Well, on to the Questions Five. Thanks again to Alison for taking the time to answer.
Do you believe that the publishing world is prejudiced against Australian book titles?
AG: Crikey, mate, that’s a cracker of a question. Let me go wrestle a croc then come back with a few tinnies and we’ll have a barby and chew on that thought (and the croc).
Name one thing a pretentious literature professor will hate about The Two Pearls of Wisdom.
AG: The sad lack of footnotes.
If The Two Pearls of Wisdom were a fortune cookie, what would its fortune be?
AG: To be cracked open and crumbled into dusty pieces as everyone around the table argues over who ordered the extra Shau Mai, and how much they owe.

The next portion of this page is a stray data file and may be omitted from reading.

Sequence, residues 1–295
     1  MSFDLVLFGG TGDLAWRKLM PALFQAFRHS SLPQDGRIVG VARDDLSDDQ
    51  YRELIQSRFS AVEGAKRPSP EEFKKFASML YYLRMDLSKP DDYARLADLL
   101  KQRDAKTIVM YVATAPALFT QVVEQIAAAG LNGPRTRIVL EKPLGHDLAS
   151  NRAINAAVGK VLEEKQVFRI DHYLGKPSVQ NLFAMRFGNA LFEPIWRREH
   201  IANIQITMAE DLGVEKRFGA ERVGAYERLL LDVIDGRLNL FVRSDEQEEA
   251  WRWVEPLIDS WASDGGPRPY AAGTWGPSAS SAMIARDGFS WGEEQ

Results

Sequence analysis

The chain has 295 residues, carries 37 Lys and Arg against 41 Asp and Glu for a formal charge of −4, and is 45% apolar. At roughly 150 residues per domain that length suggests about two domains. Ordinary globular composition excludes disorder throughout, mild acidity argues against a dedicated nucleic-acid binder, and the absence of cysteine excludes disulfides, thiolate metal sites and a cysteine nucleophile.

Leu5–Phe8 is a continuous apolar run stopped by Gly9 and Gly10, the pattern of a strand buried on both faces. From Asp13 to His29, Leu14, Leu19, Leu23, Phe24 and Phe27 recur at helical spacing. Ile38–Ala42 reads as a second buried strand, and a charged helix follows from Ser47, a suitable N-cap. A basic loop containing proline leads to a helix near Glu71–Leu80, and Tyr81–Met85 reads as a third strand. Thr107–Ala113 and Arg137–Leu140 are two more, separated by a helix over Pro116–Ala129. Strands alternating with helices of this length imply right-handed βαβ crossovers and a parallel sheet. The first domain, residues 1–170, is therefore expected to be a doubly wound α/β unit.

Ripped from inside the cookie, however, would be a piece of paper with the following portentous fortune written upon it: Made in China.
If this were your own fortune how would you interpret it?
AG: A huge blockbuster film of The Two Pearls of Wisdom will be shot in China and released to great critical acclaim, and staggering box office returns. I’ve always felt that fortunes found in cookies are open to fairly broad interpretation…
Why should The Two Pearls of Wisdom be the next book that everyone reads?
AG: It has won awards, sold into 12 countries, but the clincher is the scene that brings together a young girl masquerading as a boy, a woman dressed as a man, and a eunuch taking a testosterone tea supplement. Those wacky ancients, hey?
(The Two Pearls of Wisdom is published as Eon: Dragoneye Reborn in the USA).
 A pretentious Literature Professor may also reject the novel’s sensuous Oriental setting, vibrant gender-bending characters, and edge-of-your-seat suspense. The fact that stuff actually happens may create consternation too.